Darlington Raceway is a race track built for NASCAR racing located near Darlington, South Carolina. It is nicknamed "The Lady in Black" and "The Track Too Tough to Tame" by many NASCAR fans and drivers and advertised as "A NASCAR Tradition." It is of a unique, somewhat egg-shaped design, an oval with the ends of very different configurations, a condition which supposedly arose from the proximity of one end of the track to a minnow pond the owner refused to relocate. This situation makes it very challenging for the crews to set up their cars' handling in a way that will be effective at both ends.

Architecture, Sports

Martinsville Speedway

Martinsville Speedway is an International Speedway Corporation-owned NASCAR stock car racing track located in Henry County, in Ridgeway, Virginia, just to the south of Martinsville. At 0.526 miles (847 m) in length, it is the shortest track in the Monster Energy NASCAR Cup Series. The track was also one of the first paved oval tracks in NASCAR, being built in 1947 by partners H. Clay Earles, Henry Lawrence and Sam Rice per Virginia House Joint Resolution No. 76 on the death of H. Clay Earles. It is also the only race track that has been on the NASCAR circuit from its beginning in 1948. Along with this, Martinsville is the only NASCAR oval track on the entire NASCAR track circuit to have asphalt surfaces on the straightaways, then concrete to cover the turns.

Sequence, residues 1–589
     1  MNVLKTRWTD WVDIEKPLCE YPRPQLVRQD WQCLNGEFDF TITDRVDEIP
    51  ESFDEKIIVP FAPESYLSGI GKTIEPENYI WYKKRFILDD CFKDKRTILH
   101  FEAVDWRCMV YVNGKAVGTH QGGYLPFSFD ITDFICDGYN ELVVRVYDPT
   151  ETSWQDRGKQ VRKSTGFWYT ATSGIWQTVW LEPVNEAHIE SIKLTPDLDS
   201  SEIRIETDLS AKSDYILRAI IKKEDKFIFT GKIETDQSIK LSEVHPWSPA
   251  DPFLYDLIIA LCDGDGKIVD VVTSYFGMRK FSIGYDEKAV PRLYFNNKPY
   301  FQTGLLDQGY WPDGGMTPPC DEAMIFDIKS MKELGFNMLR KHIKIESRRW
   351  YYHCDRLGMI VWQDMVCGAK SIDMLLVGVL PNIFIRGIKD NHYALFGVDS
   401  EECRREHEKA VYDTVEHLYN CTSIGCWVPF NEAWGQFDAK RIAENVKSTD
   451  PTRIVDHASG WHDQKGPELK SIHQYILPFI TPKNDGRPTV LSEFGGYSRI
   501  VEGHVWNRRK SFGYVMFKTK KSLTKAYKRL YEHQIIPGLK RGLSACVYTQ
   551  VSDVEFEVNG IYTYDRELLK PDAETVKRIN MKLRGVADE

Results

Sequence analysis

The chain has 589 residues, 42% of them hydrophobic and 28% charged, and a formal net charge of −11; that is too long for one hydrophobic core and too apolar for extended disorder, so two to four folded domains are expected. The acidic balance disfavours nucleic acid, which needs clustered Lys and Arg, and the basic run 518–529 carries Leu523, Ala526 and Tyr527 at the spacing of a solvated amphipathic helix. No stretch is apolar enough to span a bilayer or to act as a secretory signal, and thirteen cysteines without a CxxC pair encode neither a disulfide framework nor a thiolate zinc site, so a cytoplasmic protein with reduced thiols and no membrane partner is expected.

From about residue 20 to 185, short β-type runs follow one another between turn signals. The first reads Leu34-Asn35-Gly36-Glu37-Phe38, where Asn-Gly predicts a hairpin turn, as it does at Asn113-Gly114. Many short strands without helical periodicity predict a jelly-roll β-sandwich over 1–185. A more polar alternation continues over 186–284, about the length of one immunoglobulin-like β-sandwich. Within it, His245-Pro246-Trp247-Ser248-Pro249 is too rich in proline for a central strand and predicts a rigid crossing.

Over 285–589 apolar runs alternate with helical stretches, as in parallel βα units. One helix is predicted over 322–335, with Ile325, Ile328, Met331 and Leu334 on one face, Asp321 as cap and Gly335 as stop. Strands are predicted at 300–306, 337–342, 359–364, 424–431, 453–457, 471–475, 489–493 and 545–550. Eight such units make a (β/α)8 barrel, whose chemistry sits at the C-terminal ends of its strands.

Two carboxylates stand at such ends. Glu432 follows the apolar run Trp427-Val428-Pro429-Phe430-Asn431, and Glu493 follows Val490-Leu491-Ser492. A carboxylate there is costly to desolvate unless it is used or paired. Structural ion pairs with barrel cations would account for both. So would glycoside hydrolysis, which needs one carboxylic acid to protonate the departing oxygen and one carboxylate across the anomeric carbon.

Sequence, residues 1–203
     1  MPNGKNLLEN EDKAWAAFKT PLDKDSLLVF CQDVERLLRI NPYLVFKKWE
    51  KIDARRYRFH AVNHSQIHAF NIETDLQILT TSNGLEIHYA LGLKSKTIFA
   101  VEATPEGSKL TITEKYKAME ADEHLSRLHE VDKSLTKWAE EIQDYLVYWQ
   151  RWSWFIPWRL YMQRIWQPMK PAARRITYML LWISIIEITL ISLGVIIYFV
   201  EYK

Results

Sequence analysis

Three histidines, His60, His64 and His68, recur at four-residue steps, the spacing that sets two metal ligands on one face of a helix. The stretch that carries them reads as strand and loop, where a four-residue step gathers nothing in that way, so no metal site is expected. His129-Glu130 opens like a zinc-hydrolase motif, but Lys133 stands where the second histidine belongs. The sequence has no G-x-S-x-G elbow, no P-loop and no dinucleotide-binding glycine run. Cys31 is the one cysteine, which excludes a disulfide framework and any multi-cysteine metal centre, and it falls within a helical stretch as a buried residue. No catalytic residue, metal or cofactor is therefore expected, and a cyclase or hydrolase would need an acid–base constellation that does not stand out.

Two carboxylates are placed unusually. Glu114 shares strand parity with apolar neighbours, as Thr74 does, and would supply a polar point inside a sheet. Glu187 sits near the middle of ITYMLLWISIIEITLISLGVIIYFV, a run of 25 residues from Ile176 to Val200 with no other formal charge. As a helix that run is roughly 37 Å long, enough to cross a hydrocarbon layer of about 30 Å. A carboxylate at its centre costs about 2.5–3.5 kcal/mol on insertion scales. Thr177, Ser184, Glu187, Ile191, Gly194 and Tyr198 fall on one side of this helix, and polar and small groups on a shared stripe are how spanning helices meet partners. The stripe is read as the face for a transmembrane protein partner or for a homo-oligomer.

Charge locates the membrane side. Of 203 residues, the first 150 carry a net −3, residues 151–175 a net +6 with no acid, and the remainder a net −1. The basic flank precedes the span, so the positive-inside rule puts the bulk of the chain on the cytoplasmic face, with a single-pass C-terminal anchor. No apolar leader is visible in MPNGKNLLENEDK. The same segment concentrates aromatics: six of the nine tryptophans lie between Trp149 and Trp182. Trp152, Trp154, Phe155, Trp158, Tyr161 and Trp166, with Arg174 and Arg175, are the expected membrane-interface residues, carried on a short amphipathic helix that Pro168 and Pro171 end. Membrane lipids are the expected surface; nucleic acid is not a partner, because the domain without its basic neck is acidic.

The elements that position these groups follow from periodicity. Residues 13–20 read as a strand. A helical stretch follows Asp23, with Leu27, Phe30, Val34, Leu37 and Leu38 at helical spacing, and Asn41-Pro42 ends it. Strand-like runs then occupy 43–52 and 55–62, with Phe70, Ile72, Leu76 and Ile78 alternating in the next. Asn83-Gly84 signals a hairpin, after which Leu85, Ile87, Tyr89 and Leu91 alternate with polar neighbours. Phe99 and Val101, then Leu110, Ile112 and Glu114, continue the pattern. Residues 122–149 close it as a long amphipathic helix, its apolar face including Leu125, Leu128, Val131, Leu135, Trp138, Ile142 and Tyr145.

Architecture, Sports

Daytona Beach and Road Course

The Daytona Beach Road Course was a race track that was instrumental in the formation of the National Association for Stock Car Auto Racing, or NASCAR. It originally became famous as the location where fifteen world land speed records were set.

Architecture, Sports

Sebring International Raceway

Sebring International Raceway is a road course auto racing facility located near Sebring, Florida.